Last month's Budget proved Gordon Brown's ability to surprise. He announced an pound;8 billion cash increase from the Department for Education and Skills in March when everyone had been expecting an announcement in July.
The increase covers the spending review period and increases the DfES budget from pound;56 billion in 2005-6 to pound;64 billion in 2007-8.
This represents a 6.4 per cent annual cash increase - more than some people had predicted but a slowdown compared to the last five years.
This early announcement shifts the grounds of the debate over education spending. Rather than competing with other departments for money, the debate shifts to the choices within education.
The pound;64 billion question is whether money should be spent on schools, colleges, universities or early years. There is room within the pound;8 billion increase for the DfES to fund the pound;1.9 billion bid from colleges but only if the Government is willing to make tough choices.
Schools needed money to raise standards in Labour's first and second term.
Funding cuts made in the Nineties were reversed and spending has increased to reduce teacher workloads and improve buildings. Will schools need so much in future as pupil numbers start to fall?
Over the next five years, the number of primary and secondary pupils will fall by 350,000 - more than 5 per cent. Will the DfES get a demographic dividend from this or will it take the chance to increase funding levels further?
Then, there are universities. The Government won't collect the new top-up fees from graduates until 2009 but they will pay the money in advance to universities from 2006. This, plus the new system of grants, will create pressures on the DfES budget. The university sector has asked for additional money to create new places for the rising population of 18 to 21-year-olds but here, again, there are choices. Is it more important to expand university provision by 150,000 places to cope with population growth and rising demand? Or would the money be better spent expanding 16-18 learning?
The 16-18 population is also rising. And, last week, Prime Minister Tony Blair floated the idea that education and training should be the norm for everyone up to the age of 18. It's a tough choice for government. Fifty per cent of the age group into university? Or 100 per cent of the earlier age group in education and training up to 18.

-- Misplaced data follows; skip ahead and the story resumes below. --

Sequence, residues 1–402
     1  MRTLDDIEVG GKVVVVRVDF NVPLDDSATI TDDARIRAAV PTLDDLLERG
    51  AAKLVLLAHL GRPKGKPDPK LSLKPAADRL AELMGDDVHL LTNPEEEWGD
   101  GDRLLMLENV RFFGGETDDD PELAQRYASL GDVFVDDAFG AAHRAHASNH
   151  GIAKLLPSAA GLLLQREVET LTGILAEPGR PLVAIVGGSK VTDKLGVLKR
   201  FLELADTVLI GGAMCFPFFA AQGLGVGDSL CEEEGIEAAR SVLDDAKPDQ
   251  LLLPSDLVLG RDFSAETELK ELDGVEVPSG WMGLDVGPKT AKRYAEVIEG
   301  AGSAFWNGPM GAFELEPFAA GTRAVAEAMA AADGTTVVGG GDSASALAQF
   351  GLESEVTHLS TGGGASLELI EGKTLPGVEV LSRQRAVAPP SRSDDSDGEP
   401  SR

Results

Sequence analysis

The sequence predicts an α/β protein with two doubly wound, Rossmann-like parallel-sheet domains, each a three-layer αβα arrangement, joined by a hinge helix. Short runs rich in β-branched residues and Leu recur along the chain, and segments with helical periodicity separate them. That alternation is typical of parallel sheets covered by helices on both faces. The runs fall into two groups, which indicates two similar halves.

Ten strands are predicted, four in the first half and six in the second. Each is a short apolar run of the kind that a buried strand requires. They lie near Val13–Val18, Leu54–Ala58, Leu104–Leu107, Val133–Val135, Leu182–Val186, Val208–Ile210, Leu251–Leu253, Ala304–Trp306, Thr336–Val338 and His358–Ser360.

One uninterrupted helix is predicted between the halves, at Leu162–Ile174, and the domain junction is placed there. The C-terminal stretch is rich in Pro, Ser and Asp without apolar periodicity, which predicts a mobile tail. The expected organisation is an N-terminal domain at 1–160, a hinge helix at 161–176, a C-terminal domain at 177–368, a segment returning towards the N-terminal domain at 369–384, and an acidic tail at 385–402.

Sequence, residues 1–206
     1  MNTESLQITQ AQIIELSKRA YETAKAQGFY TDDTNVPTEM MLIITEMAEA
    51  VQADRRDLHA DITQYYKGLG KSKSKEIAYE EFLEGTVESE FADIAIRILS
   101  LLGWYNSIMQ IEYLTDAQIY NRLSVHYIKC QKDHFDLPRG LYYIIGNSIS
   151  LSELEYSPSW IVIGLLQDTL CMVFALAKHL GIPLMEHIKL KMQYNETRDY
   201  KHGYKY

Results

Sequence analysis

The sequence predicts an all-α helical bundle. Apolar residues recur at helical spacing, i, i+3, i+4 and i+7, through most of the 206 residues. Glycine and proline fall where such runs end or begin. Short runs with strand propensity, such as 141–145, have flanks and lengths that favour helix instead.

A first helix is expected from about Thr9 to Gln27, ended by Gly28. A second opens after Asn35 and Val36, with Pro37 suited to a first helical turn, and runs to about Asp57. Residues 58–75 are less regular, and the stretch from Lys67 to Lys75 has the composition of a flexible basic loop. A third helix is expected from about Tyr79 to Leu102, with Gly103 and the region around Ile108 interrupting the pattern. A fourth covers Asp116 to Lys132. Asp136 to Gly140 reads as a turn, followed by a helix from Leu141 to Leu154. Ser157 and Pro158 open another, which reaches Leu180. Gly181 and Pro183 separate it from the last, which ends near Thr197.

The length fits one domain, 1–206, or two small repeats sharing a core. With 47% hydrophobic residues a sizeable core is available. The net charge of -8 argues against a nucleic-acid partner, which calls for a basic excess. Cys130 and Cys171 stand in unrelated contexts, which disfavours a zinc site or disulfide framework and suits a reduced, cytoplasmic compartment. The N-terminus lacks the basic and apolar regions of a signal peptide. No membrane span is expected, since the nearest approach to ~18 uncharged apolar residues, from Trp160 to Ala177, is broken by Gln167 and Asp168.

The pound;1.9 billion that colleges need to deliver current government targets assumes a lot less than 100 per cent participation. The college bid is large but it is modest compared to the expectations of employers and consumers. Anything less than pound;1.9 billion will limit what colleges can do to meet demand.
Colleges are already under pressure this year to limit what they do to fit Learning and Skills Council budgets. The pressures will increase from 2006 with serious consequences for pay and quality. The reform of 14-19 education proposed in the Tomlinson report will not be easy if school funding continues to outpace what colleges receive.
A guiding principle of the reform is that no institution will be an island.
Schools and colleges will need to collaborate to offer a broad curriculum.
Differences in pay, conditions and funding levels already exist. Widening these gaps is a poor starting point for closer partnerships.
The area at biggest risk from funding cuts is adult learning. Yesterday's cuts created today's skills shortages in the construction trades. Cuts tomorrow will create new shortages in other areas.
The Budget announced plans to expand early-years provision and to get more single parents back to work. Both plans require training. Both assume the existence of accessible courses across the country. Take this away in pursuit of a narrow set of targets and the policies will falter. Cutting adult learning will also complicate partnerships between the LSC and regional development agencies.
A document published with the Budget rejects the RDA bid for more control of LSC funds but suggests instead that there could be joint regional targets.
These will only mean anything if national priorities take account of regional demands. There is significant regional lobbying for more investment in level 3 provision and courses customised for specific business needs. Both could be ruled out by lack of national funds. A joint target without the money is little more than a piece of paper.
The skills strategy envisaged an expansion of courses at all levels but assumed that employers and individuals would pay more. There are no simple solutions to generating more income from fees. Sector skills councils are in their start-up phase. Employer behaviour will change slowly. Meanwhile, the Government will send out a clear message about skills if it starts cutting the budget. And if the Government starts cutting spending on adult skills, so will employers.
The 2004 Budget has brought forward some of the decision-making about future government spending but there could be a general election within 12 months. So there's still plenty of opportunity to influence events.
Julian Gravatt is director of funding and development, Association of Colleges.